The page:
Already both American and European courts are showing signs of recognising that current legal norms have been built around assumptions of obscurity, and that these may need to be protected (Selinger and Hartzog 2014). Court decisions may not be a substitute though for both legislation and the technology to make these choices realistically available. Legislating will not be easy. In Europe there has been concern that the de facto mechanism of access to the public record has been removed as search engines have been forced not to associate newspaper articles with individuals’ names when those individuals have asked to be disassociated from incidents which are entirely in the past (Powles 2014). As we do come to rely on our prosthetic intelligence and to consider those of our memories externalised to the Internet to be our own, such cases of who owns access to which information will become increasingly complex (Gürses 2010).
The evolution of language has allowed us all to know the concept of responsibility. Now we are moral agents—not only actors, but authors responsible for our creations. As philosophers and scientists we have also professional obligations with respect to considering and communicating the impacts of technology to our culture (Wittkower et al. 2013). AI can help us understand the rapid changes and ecological dominance our species is experiencing. Yet that same understanding could well mean that the rate of change will continue to accelerate. We need to be able to rapidly create, negotiate and communicate coherent models of our dynamic societies and their priorities, to help these societies establish a sustainable future. I have argued that the nature of our agency may fundamentally change as we gain new insights through our prosthetic intelligence, resulting in new equilibria between collective versus individual agency. I’ve also described scientific models showing how these equilibria are established, and the importance of individual variation to a robust, resilient, mutable society. I therefore recommend that we encourage both legislatures and individual citizens to take steps to maintain privacy and defend both group and individual eccentricity. Further, I recommend we all take both personal and academic interest in our governance, so that we can help ensure the desirability of the collectives we contribute to.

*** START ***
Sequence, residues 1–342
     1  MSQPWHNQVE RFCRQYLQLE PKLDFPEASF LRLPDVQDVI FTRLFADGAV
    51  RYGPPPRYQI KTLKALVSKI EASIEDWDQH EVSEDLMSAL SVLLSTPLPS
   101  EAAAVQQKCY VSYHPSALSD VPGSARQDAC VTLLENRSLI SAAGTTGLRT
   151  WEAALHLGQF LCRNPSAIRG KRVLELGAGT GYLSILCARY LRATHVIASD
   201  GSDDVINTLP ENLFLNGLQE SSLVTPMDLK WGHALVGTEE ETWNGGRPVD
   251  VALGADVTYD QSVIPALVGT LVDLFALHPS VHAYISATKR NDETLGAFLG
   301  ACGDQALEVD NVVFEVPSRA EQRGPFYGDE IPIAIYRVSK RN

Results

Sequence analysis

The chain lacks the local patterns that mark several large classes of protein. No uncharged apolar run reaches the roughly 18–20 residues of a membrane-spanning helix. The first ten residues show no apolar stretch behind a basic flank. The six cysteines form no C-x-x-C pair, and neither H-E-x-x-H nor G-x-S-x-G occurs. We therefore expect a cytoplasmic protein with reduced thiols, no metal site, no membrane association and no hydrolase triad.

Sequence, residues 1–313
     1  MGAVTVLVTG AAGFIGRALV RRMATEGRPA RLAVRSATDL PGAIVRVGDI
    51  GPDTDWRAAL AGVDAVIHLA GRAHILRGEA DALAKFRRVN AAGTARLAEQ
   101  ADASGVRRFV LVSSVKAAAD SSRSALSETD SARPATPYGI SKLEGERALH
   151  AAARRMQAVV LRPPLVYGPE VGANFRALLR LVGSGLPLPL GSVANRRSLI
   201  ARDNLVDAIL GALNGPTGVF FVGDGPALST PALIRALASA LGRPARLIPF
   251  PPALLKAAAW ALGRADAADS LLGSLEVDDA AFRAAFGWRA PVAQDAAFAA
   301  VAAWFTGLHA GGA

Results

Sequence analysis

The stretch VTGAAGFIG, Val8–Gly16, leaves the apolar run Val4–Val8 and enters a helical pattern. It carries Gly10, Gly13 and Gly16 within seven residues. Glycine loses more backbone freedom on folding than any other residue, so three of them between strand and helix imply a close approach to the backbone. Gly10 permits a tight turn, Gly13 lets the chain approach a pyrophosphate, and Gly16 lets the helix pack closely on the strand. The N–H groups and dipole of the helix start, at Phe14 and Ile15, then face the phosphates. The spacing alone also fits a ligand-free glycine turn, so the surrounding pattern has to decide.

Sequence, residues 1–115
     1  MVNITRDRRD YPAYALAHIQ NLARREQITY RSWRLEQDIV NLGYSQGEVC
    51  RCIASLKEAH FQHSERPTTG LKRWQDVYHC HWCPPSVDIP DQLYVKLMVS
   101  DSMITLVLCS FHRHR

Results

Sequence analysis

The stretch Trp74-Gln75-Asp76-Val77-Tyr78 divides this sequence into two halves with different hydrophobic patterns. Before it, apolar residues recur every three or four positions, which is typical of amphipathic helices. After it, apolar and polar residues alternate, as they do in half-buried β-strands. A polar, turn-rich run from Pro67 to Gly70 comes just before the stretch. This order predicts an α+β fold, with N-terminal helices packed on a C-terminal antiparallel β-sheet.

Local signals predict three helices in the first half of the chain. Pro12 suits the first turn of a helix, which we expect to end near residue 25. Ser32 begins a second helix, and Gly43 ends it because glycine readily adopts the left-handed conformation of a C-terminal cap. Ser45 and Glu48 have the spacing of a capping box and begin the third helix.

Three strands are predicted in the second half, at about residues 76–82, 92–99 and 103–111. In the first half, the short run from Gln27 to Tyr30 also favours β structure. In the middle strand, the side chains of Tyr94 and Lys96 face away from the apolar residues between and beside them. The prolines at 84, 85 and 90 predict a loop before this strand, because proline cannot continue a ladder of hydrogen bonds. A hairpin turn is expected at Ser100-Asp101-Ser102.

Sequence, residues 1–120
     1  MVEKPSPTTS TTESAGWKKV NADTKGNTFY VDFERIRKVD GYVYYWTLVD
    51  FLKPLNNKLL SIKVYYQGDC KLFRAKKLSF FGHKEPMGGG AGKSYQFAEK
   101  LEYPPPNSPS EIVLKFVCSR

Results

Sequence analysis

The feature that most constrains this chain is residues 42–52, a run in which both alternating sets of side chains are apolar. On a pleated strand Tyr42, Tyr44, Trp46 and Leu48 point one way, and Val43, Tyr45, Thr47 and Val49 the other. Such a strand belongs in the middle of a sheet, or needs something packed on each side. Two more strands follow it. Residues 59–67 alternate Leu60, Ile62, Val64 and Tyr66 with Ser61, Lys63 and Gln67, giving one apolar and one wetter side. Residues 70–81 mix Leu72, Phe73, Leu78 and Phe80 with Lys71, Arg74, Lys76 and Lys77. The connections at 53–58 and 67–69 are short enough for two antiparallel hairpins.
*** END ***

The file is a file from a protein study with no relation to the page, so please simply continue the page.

from Artificial Intelligence and Pro-Social Behaviour
Joanna J. Bryson
in Collective Agency and Cooperation in Natural and Artificial Systems pp 281-306 (Springer, 2015). Again, the full book chapter is here:  an open access version is here: